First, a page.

SPRINGFIELD, Mo. -- Two jailers will fight charges they urinated on four inmates while making their rounds at the Greene County Jail.
Justin K. Hastings, 21, and Curtis Myers, 26, were arraigned Friday on four misdemeanor counts of third-degree assault. Both pleaded innocent to the charges and requested a jury trial.
Inmates Darryl Carter, Michael Wade, Zewayne Durely and Daren Rucker allege they were playing basketball in the jail's indoor recreational area on July 29 when they began getting wet. The inmates say they looked up through the metal grate roof and saw the jailers standing over them.
The inmates, who are black, have alleged the incident was racially motivated. The jailers are white.
The U.S. Justice Department looked into the incident but did not determine whether it was a possible hate crime.
Bill Whitcomb, a mediator with the Justice Department's Community Relations Service, said Friday that his department was putting the case on hold, pending the anticipated filing of civil cases by the inmates.
"We certainly know the incident occurred, that's not a question," Whitcomb said. "Whether or not it was racially motivated has not been determined. Right now, all we know is that the inmates are black and the officers involved are white."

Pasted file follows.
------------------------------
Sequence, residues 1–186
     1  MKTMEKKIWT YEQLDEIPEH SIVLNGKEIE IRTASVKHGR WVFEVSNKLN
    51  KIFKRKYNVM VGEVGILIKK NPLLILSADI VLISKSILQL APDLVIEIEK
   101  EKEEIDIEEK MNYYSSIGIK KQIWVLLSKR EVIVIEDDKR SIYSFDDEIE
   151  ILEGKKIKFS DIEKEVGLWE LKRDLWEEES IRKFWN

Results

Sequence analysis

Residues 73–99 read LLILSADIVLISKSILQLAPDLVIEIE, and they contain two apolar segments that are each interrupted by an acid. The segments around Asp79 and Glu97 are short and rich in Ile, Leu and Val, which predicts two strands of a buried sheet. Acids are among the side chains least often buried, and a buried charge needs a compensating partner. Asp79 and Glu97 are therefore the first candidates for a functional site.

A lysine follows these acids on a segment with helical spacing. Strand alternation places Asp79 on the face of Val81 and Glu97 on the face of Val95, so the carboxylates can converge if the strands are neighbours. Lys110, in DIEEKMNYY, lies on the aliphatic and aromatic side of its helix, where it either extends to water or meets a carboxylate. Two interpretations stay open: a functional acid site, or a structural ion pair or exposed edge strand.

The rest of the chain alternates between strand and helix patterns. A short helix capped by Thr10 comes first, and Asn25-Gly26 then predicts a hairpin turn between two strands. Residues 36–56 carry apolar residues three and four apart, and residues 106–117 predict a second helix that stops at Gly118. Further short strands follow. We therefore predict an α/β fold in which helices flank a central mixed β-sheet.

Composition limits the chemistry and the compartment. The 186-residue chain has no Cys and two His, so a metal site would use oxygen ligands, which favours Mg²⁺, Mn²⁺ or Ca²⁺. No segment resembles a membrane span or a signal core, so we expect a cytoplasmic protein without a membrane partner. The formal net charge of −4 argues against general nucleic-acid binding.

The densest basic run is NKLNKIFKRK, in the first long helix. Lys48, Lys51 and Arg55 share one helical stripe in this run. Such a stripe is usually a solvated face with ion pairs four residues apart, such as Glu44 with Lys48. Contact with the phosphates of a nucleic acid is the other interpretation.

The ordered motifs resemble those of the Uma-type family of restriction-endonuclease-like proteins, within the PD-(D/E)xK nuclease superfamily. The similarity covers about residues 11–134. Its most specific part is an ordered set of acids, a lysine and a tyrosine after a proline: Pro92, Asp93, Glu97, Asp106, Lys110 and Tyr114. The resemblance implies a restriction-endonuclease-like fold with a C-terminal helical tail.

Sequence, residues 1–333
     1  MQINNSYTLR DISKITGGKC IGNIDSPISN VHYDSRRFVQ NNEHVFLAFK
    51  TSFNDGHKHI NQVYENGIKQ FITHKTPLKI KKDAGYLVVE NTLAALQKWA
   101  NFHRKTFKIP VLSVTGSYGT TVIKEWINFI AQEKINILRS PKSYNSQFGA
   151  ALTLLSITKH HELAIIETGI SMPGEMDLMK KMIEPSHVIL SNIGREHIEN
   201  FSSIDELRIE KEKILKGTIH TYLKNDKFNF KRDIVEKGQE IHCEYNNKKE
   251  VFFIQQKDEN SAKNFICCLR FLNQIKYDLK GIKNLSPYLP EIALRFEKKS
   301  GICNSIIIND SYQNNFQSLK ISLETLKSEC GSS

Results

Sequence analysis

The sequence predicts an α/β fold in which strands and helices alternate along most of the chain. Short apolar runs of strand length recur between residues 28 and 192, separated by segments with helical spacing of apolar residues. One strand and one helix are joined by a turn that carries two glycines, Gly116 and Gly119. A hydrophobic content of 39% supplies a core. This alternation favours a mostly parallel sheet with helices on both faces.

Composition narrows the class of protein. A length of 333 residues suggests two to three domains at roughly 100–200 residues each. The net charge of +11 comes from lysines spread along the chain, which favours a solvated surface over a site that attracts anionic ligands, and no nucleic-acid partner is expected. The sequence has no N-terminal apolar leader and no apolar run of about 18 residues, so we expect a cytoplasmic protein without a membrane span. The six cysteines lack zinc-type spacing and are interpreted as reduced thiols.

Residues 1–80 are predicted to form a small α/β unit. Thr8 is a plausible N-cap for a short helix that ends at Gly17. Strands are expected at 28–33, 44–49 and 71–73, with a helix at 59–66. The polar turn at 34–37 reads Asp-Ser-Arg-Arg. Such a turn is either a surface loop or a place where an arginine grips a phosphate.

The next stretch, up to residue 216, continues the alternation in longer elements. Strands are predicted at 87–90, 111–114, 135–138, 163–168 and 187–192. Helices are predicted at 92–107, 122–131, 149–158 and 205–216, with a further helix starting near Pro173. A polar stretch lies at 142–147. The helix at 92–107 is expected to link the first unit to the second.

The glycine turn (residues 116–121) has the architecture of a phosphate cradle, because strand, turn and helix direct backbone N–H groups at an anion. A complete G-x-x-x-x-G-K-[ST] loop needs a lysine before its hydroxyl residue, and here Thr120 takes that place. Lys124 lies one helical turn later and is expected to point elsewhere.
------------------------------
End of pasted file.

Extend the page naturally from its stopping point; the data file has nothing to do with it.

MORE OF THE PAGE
Sheriff moved quickly
Whitcomb did praise Sheriff Jack Merritt's handling of the incident.
"The sheriff did move expeditiously in response to the situation, and the officers were removed," he said.
Hastings and Myers resigned after the incident became known. Hastings had been with the department about a year. It was Myers' first day on the job.
Their attorney, Pat Merriman, said Friday that he was awaiting laboratory tests on the liquid that was removed from the scene. Authorities, however, have said the jailers were the only ones with access to a key to the roof area.
Merriman, who formerly worked in the prosecutor's office and knows the jailers personally, said the incident is out of character for Hastings and Myers. He believes a jury will agree.
"They're your all-American boys," he said.
Associate Circuit Judge Max Bacon set the case for trial on Nov. 5.